The Healthy Home : Let’s Get Cooking (part 5) - Our Plastic Kitchen - Styrofoam Containers, Baby Bottles and Water Bottles

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Styrofoam Containers

Styrene—the building block for polystyrene—is described by the U.S. Environmental Protection Agency as a suspected carcinogen and a suspected toxin to the gastrointestinal, kidney, and respiratory systems.

The foamed version of polystyrene is what we typically use to pack home restaurant leftovers. Polystyrene is also used for disposable cups, especially those made for hot drinks such as cocoa and coffee. Considering what we’ve just learned regarding heat and plastic, it won’t come as a surprise to note that some studies have shown that chemicals leach from polystyrene when it’s exposed to heat or oily substances.

Yet most people use the “to go” container when they microwave their leftovers the next day and carry steaming hot coffee, tea, and cocoa in Styrofoam cups.
That’s a scary thought.

The leaching of styrene may not even require heat, though. One study conducted by Louisiana State University showed that eggs—still in the shells—stored in Styrofoam containers for two weeks exhibited up to seven times more ethylbenzene and styrene than eggs fresh from the farm. Those toxins are going right through the shells!

Despite this, many egg cartons are made with Styrofoam. (After reading the studies, I’ve opted to buy my eggs packaged in cardboard.)

To reduce our risk, my wife and I make it a habit to immediately transfer into a glass container any food we bring home from a restaurant. This way that fatty salmon or oily pasta isn’t reacting with any plastic, and neither of us will be tempted to throw the styrofoam container into the microwave.

Baby Bottles and Water Bottles

As was mentioned at the beginning of this section, BPA is used in the manufacture of hard polycarbonate plastics, including baby bottles and reusable water bottles. You’ll also find BPA in resins that line almost all food cans—from chicken noodle soup to green beans.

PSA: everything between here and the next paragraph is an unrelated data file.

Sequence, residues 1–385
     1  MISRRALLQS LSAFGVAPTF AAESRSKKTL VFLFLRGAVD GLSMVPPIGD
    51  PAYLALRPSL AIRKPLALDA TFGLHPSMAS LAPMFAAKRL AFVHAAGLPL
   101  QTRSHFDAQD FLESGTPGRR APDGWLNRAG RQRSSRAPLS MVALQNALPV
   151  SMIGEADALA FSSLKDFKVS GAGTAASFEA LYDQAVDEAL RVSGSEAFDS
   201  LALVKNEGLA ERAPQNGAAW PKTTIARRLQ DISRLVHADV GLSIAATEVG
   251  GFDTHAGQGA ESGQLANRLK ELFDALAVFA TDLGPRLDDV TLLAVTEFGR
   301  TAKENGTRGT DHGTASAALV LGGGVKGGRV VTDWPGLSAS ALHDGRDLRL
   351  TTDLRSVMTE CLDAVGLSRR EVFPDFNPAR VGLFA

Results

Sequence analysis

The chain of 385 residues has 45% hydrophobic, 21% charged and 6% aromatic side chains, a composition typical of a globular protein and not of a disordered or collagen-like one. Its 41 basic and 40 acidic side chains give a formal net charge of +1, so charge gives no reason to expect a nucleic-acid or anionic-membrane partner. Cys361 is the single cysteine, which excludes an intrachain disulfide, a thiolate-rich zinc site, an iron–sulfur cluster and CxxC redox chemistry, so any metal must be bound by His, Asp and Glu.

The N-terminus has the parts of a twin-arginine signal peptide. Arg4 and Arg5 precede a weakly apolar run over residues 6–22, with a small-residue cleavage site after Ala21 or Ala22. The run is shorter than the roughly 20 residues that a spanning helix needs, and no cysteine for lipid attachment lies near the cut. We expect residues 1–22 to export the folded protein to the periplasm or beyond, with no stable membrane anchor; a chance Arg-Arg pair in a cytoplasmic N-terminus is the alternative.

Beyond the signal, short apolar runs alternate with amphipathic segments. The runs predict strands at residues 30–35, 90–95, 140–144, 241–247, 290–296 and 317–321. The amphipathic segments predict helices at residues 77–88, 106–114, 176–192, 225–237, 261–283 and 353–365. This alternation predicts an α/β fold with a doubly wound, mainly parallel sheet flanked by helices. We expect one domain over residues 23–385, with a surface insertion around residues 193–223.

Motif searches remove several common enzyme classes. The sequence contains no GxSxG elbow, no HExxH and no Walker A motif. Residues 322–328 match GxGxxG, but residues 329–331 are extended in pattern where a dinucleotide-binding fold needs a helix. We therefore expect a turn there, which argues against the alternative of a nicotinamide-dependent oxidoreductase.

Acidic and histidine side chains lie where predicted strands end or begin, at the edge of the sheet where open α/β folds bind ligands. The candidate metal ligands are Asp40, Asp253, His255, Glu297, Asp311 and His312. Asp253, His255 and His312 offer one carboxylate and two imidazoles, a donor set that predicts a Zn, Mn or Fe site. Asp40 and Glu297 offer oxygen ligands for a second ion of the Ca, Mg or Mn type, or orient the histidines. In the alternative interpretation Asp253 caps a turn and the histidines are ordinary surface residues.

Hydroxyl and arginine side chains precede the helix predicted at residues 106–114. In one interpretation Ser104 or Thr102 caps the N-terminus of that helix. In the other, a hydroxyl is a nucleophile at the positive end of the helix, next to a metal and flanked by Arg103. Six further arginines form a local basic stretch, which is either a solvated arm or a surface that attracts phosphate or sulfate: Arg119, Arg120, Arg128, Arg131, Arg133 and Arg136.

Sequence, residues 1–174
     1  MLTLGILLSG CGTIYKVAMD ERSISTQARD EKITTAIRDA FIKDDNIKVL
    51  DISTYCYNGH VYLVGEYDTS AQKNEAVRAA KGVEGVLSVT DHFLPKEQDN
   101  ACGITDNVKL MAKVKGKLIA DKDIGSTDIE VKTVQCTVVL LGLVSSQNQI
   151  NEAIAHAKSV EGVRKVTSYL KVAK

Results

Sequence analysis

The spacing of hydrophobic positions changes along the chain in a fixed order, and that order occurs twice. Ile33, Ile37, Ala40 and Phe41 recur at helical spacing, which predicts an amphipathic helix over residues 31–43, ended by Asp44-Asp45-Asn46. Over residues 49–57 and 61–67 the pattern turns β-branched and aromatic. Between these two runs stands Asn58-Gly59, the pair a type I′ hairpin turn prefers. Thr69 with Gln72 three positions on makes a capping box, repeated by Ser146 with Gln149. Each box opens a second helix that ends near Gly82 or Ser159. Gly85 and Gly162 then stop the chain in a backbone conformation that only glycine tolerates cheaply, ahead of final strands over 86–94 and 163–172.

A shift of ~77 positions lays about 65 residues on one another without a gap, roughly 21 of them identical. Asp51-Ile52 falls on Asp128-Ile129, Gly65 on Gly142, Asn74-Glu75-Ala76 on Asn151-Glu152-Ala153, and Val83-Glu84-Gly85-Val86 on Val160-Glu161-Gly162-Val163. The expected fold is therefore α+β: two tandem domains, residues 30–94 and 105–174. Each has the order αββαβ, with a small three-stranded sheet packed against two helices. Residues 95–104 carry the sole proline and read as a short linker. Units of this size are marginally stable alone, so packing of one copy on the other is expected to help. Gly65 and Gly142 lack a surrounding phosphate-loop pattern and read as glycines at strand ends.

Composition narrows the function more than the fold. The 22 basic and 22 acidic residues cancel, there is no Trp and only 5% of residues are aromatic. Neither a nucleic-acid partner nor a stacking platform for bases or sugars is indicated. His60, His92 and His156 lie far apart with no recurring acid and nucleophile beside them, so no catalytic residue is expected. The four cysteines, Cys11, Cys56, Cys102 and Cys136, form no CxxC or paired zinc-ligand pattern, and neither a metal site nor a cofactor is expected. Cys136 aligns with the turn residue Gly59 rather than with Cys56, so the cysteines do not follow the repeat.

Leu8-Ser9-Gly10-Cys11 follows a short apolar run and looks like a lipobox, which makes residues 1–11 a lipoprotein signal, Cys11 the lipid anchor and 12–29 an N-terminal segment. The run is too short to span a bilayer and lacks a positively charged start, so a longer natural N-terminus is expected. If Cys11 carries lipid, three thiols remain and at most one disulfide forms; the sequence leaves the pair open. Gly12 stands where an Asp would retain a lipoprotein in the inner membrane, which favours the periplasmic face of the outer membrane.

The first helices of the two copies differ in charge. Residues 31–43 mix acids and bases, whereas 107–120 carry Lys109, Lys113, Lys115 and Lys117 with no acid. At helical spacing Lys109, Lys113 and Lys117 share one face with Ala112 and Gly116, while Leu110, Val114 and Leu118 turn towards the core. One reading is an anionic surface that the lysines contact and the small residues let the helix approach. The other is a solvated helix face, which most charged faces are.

BPA is a potent endocrine disruptor that is known to mimic estrogen, and it has been shown to increase insulin resistance, chronic inflammation, and heart disease.
Again, avoidance is your best bet. Although most baby bottle manufacturers in the United States have phased out BPA, it’s still found in hard plastic (polycarbonate) water bottles. If you’re unsure whether your water bottle is polycarbonate, look at the number in the middle of the recycling triangle stamped on the bottom. If it’s a 7, it’s likely BPA polycarbonate.

Getting rid of a polycarbonate water bottle is easy enough, and you can still drink plenty of liquids each day—as you should. Just make a stainless steel bottle your new best friend. You’ll be able to take it everywhere for years before needing to replace it. If you’re out shopping for a water bottle, don’t opt for anything made from aluminum—these bottles are typically lined with BPA and will pose the same risks as polycarbonate bottles.

You should also avoid canned foods to reduce your risk from BPA. It may be impossible to rid your pantry of all canned foods, but at the very least try to avoid those for which you have fresh or frozen alternatives. Besides avoiding toxins, you’ll also be getting more vitamins and minerals from unprocessed produce.

Manufacturers in Japan have already found a way to eliminate BPA from their canned foods, and I hope the United States can follow suit. As they have with BPA baby bottles, concerned consumers must motivate major food companies to act.
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